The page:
Chinese Police Raid Petitioners' National Day Gathering in Beijing

china-petitioner-ge-zhihui-oct2-2015.jpg Ge Zhihui stands outside a police station demanding the release of petitioners in Beijing, Oct. 2, 2015.
(Photo courtesy of petitioners)

UPDATED at 12:31 P.M. EST on 02-10-2015

Police in Beijing are holding a man after a raid on a National Day party for petitioners, as the number of people pursuing complaints against the ruling Chinese Communist Party in the capital dropped sharply, activists said on Friday.

Long-time political activist and petitioner Ge Zhihui, who once penned an open letter to former Chinese premier Wen Jiabao over allegations that his family held billions of dollars in hidden assets, said police raided her home as she held a gathering to mark the 66th anniversary of the founding of the People's Republic on Thursday.

"The police came ... [yesterday] evening, and said they wanted to come into my home to carry out investigations, without any formalities whatsoever," Ge told RFA. "They didn't go to any of the other apartments, though, just to mine."

"Several dozen police officers then burst through my door."

Ge said one of her guests, Li Xinhua, had told the police off for frightening a single woman with a child, and tried to stop them.

"Then, more than a dozen of them pinned him to the floor and beat him into submission," she said.

"They took him down to the police station, and they haven't released him yet," Ge said. "They said he is being held for political reasons, because he shouted 'down with the Communist Party' and 'down with the police.'"

Ge, who was detained in a cage for more than a month and ordered to apologize for signing the letter, which police said "had made a bad impression on the premier."

Ge has been petitioning the authorities for compensation, to no avail, for a number of years after she was crippled by a beating and lost all her property. She previously also wrote to Wen to ask for a loan.

She said the authorities had continued to harass and detain her for years, and that she had been beaten up by Wen's own plainclothes security police when she tried to approach him at the railway station.

Repeatedly stonewalled

China’s army of petitioners say they are repeatedly stonewalled, detained in “black jails,” beaten, and harassed by authorities if they try to take complaints against local government actions to higher levels of government.

Many have been trying to win redress for alleged cases of official wrongdoing, including forced evictions, beatings in custody, and corruption linked to lucrative land sales, for decades.

Many converge on Beijing on politically important dates such as National Day in hopes of boosting publicity for their causes.

Shanghai petitioner Hu Jianguo was also detained on Thursday as he staged a protest with his mother outside the Zhongnanhai government headquarters in Beijing, a short distance from Tiananmen Square.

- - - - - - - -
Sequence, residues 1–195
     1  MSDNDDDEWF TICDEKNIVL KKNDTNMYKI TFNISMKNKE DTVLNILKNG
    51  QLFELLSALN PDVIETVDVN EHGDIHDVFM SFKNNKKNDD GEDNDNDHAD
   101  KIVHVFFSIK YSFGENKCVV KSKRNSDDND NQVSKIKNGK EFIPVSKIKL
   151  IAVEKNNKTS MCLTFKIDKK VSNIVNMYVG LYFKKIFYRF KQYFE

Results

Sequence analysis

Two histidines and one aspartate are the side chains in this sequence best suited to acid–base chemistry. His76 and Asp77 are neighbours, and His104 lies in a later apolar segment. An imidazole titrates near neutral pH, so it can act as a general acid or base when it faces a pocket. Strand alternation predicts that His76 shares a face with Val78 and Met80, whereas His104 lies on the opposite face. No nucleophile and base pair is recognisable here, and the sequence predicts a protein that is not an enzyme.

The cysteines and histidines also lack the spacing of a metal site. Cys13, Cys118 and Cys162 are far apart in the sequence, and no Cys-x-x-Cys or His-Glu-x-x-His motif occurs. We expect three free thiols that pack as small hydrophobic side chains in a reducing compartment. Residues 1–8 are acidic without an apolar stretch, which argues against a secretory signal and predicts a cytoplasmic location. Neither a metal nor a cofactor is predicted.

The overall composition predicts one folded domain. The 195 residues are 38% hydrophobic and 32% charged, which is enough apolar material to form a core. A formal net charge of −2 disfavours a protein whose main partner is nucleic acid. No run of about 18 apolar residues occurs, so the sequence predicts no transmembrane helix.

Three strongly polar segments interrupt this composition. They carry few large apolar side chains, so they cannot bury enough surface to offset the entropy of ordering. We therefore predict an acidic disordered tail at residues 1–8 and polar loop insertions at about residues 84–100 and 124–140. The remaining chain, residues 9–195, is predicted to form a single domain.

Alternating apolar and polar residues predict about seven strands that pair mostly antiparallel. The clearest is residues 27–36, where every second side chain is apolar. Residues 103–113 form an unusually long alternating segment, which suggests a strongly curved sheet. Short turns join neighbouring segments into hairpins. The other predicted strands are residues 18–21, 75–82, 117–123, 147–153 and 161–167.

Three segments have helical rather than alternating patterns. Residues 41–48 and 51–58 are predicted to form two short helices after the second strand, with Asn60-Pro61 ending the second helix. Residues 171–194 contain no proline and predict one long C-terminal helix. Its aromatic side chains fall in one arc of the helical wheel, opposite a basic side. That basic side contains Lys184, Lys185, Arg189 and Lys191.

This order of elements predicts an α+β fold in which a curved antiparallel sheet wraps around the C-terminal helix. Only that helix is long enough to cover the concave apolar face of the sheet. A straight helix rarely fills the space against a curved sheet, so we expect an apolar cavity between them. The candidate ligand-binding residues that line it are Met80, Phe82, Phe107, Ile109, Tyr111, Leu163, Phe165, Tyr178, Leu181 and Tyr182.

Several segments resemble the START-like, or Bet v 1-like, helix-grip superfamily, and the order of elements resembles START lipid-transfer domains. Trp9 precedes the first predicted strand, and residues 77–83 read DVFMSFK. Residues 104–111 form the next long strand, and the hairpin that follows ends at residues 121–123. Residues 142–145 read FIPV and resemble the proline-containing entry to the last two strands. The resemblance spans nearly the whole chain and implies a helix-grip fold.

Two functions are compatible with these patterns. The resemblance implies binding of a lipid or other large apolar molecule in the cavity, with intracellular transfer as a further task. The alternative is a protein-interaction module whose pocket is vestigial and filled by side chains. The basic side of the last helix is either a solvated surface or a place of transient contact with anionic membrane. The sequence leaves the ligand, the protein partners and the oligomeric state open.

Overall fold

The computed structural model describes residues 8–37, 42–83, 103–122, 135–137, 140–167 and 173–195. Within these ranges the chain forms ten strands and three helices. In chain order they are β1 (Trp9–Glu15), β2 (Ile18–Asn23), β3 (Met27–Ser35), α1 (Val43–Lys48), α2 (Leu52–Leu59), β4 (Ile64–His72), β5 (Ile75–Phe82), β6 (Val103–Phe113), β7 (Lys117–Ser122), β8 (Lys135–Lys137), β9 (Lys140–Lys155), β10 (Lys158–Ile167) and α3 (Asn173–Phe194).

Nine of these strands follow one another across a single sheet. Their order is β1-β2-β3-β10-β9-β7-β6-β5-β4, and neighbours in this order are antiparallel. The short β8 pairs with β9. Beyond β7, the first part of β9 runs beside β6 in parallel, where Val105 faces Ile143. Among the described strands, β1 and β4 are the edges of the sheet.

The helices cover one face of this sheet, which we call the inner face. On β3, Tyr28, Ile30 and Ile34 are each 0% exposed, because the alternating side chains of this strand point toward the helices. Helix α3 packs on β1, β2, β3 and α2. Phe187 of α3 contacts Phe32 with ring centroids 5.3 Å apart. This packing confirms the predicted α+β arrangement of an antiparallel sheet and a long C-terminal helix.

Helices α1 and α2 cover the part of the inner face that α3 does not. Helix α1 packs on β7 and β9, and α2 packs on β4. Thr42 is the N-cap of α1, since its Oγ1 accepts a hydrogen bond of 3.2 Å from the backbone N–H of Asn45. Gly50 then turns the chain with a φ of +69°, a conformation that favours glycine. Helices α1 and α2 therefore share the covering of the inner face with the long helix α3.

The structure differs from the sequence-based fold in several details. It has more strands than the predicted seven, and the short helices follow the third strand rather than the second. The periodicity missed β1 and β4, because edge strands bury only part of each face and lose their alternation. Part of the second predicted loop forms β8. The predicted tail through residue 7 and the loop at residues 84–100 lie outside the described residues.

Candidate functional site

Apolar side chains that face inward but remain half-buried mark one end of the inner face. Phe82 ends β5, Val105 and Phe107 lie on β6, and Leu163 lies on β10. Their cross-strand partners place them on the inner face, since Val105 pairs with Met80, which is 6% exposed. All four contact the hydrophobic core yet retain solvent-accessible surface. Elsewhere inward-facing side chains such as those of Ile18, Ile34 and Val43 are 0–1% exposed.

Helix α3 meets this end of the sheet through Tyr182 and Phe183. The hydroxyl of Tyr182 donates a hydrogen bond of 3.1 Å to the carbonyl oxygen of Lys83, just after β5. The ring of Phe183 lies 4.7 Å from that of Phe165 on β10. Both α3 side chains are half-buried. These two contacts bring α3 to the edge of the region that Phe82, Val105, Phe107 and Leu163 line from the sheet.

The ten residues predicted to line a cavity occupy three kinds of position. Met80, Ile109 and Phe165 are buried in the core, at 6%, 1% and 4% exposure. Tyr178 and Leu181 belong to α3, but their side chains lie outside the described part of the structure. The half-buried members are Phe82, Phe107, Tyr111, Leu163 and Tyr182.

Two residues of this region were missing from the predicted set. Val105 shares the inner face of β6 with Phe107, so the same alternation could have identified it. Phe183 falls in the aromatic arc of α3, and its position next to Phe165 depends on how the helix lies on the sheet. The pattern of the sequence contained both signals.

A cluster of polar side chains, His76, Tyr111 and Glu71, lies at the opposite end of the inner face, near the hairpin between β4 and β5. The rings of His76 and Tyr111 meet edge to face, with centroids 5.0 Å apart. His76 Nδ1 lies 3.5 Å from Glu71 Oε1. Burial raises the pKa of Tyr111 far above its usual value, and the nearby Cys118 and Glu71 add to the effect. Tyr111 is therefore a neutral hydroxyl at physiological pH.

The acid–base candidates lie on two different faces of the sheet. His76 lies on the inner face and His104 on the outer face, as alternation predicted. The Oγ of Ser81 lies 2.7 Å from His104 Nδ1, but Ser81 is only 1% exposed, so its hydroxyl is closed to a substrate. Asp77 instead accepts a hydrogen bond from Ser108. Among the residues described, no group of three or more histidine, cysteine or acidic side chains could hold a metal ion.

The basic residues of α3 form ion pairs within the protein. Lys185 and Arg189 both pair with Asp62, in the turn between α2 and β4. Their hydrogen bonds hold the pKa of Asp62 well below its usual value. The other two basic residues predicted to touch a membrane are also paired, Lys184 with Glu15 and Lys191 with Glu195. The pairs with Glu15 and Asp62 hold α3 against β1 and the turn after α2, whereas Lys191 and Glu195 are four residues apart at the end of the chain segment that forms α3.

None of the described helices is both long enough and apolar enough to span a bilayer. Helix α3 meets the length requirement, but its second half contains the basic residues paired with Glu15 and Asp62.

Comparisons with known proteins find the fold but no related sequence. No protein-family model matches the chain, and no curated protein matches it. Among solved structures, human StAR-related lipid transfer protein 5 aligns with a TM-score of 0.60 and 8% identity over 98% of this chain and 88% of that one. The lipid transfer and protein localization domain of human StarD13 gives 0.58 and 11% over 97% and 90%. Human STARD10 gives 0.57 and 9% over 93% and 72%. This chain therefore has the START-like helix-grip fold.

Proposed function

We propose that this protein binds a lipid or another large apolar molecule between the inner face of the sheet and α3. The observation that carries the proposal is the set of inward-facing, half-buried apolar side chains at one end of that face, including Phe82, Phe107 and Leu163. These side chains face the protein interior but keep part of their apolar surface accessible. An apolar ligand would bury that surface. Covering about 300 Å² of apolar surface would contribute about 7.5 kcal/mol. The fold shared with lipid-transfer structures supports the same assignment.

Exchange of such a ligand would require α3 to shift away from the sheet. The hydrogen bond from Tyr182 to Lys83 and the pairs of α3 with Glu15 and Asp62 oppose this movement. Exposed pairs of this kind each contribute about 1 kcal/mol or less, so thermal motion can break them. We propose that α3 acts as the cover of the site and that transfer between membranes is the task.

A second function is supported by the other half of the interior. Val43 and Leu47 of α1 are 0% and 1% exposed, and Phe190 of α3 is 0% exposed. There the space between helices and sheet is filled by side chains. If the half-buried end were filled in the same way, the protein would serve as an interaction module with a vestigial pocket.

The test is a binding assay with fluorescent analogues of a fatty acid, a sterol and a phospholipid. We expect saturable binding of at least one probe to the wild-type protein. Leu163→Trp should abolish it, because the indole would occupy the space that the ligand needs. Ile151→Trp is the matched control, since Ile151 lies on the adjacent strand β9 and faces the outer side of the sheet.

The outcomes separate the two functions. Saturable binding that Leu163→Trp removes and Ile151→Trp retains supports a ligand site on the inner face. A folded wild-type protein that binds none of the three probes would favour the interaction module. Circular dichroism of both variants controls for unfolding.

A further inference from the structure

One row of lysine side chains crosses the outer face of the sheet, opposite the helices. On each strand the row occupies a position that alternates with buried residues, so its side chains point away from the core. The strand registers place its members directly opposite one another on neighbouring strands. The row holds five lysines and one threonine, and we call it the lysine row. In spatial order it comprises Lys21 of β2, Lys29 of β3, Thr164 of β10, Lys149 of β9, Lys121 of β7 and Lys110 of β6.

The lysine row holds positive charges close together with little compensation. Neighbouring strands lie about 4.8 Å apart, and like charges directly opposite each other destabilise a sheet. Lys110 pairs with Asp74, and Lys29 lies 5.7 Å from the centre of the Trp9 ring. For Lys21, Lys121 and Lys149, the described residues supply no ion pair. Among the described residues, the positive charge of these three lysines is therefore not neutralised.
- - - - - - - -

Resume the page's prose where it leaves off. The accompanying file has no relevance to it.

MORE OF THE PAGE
"I had already gotten as far as the gate of Zhongnanhai, [and] I was about 30 meters away when I was roped in by a security checkpoint," Hu told RFA on Friday.

"My mother had a placard on her head with our grievances on it, and was shouting slogans for [President] Xi Jinping to come out and fulfill his promises," he said. "The police snatched [the placard] away."

Hu's mother had been referring to a promise made by Xi on his trip to the United States last week that he would genuinely crack down on corruption.

"I want him to make good on that promise," Hu said.

But Hu said fewer petitioners appear to have reached Beijing this year compared with the number of petitioners who did so in previous years.

"There are far fewer here this year than on previous National Days," he said. "That's because a lot of people are already being targeted [by police back home]."

"There was a collective petition group from Shanghai for more than 1,000 people who went home a couple of days ago because they were afraid of being targeted," Hu said.

"The persecution of petitioners has gotten much worse, in the name of the rule of law," he added.

Liuzhou bombings

Also on Friday, Chinese state media reported that the suspect in a series of bombings in Guangxi province’s Liuzhou city that left 10 people dead and 51 injured, died at the scene of one of the explosions.

Wei Yinyong, 33, was involved in a dispute with his neighbors and regional quarry companies, and set off 18 timed parcel bombs on Wednesday which had been delivered to shopping malls, hospitals and government buildings in the city, the official Xinhua news agency said, citing local police officials.

State media had previously reported that 17 explosions had been detonated, but another explosion hit a house on Thursday. Xinhua had also previously reported that seven people had been killed in the bombings.

China has seen several cases of bombings by people with grievances or who are involved in disputes though the extent of the Liuzhou explosions appears unprecedented.

Reported by Yang Fan for RFA's Mandarin Service. Translated and written in English by Luisetta Mudie.


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